Thursday, July 17, 2003

Put these two bits of information together and you get a not-so-rosy story after all.

First,
The Commerce Department reported Thursday that housing construction rose 3.7 percent from May to a seasonally adjusted annual rate of 1.80 million units, the highest level since January. June's performance, stronger than the 1.75 million pace that economists were predicting, offered a fresh sign that the housing and residential construction markets continue to serve as one of the national economy's few pillars of support.
Second,
Mortgage rates rose for the fourth consecutive week after reaching a record low in mid-June, stoking fears that the resilient housing market could begin to slow, Freddie Mac said on Thursday. Thirty-year mortgage rates averaged 5.67 percent in the week, compared with 5.52 percent the previous week. It marked the fourth consecutive weekly increase since the 30-year mortgages hit 5.21 percent for two weeks in June, its lowest on record.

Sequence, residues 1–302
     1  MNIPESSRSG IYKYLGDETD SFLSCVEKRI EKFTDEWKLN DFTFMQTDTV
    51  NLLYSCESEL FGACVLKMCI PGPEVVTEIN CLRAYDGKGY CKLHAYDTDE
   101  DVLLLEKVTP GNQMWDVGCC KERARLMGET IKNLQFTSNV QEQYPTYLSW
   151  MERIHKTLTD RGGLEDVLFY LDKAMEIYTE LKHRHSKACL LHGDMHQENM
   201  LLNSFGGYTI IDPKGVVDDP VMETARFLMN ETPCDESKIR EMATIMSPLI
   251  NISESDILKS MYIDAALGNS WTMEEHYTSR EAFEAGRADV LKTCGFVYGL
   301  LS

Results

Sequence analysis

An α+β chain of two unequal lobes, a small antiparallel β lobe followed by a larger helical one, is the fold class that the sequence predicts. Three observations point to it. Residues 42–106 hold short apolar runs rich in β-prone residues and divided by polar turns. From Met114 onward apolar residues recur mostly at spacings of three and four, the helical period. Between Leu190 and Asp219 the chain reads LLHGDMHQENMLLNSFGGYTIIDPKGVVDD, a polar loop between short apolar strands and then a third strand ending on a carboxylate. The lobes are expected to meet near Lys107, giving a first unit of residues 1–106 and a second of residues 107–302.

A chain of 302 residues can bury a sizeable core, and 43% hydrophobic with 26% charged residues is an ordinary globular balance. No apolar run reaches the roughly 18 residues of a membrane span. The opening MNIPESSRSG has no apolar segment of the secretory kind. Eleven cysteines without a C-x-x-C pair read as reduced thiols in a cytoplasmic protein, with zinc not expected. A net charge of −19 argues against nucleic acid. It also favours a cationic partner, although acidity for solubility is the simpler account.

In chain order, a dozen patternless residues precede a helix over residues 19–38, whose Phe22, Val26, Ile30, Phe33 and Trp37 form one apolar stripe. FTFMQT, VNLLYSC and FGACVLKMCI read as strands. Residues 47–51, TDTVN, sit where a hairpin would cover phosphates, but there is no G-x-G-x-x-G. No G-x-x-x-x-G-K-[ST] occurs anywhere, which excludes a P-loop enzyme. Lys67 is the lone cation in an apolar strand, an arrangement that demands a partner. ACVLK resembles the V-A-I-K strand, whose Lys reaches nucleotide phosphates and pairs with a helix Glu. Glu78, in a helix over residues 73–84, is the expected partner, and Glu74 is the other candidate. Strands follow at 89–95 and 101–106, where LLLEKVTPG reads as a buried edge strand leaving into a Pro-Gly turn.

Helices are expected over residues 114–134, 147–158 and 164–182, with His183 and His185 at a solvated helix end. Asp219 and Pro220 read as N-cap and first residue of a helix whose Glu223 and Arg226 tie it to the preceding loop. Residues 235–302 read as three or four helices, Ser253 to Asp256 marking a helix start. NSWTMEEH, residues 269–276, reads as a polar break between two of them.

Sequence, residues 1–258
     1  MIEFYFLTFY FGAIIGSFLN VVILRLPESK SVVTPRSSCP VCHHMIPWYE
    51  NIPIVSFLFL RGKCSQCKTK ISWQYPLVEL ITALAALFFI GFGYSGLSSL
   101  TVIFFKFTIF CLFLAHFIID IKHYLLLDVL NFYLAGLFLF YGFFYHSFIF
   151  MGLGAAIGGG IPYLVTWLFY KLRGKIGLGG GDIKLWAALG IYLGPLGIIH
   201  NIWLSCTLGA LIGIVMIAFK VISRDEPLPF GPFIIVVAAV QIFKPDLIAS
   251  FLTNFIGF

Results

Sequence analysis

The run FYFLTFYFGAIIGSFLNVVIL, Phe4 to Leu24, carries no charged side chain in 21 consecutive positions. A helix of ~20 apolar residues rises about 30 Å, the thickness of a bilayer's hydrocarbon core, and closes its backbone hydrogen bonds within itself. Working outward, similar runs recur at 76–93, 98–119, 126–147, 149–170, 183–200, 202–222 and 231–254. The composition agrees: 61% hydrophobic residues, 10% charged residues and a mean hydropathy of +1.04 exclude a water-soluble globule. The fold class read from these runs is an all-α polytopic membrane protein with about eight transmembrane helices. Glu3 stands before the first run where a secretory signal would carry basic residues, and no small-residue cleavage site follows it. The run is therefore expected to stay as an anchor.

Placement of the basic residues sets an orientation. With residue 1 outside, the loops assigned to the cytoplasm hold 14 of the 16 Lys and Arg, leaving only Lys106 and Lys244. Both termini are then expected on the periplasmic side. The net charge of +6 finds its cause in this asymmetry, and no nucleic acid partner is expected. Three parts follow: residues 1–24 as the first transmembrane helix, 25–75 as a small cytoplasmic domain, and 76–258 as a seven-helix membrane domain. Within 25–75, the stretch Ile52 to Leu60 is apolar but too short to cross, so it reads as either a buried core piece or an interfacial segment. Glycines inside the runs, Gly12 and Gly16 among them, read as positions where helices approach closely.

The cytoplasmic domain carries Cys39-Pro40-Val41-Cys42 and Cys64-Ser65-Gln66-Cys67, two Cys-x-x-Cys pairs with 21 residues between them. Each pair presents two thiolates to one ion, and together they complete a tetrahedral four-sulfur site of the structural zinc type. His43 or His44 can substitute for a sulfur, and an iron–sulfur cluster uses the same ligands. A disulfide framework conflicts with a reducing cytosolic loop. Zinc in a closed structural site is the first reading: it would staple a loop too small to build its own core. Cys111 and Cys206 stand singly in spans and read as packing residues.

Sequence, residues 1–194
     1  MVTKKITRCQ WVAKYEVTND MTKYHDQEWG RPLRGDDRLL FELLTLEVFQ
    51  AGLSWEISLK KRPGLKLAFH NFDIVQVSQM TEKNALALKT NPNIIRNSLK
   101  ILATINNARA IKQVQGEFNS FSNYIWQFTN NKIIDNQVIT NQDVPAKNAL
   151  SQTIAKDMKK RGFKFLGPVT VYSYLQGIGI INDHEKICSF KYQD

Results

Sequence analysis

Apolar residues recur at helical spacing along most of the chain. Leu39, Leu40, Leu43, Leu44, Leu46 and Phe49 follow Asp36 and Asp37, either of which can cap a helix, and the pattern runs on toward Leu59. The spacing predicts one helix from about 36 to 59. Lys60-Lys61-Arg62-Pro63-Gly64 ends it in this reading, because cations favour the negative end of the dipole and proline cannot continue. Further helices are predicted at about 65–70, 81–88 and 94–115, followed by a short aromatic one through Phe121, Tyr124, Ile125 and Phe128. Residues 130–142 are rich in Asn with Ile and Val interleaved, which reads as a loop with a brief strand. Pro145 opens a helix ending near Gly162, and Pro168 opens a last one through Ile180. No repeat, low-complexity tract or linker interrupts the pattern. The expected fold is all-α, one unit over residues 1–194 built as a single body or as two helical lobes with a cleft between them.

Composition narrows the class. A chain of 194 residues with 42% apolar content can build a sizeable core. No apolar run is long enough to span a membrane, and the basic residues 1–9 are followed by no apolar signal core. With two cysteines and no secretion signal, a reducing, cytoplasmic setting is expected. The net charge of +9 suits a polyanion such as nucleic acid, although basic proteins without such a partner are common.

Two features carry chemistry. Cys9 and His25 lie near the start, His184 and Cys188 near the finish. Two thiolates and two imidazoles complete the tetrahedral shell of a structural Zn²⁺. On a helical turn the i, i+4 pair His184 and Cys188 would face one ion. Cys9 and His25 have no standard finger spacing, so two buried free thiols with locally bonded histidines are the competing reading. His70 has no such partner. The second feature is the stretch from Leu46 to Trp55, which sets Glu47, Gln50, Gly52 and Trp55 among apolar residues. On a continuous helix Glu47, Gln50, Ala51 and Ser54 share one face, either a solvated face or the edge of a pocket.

So what do we have here? New housing starts hit their second-highest level of the year in June just as mortgage rates ended their long decline. Recall that for two weeks in mid-June, the 30-year mortgage hit its trough of 5.21%. Clearly Americans saw the writing on the wall and jumped into the housing market before it was too late to benefit from mortgage rates they might never see again in their lifetimes.

The upshot? The June housing figures are a fluke, a product of the end of the fall in mortgage rates, not of a rebounding US economy. Look for very meager numbers for July.

So the Associated Press can spin the numbers all they want. This "pillar of support" for the American economy has taken all the weight it can bear and will take no more.

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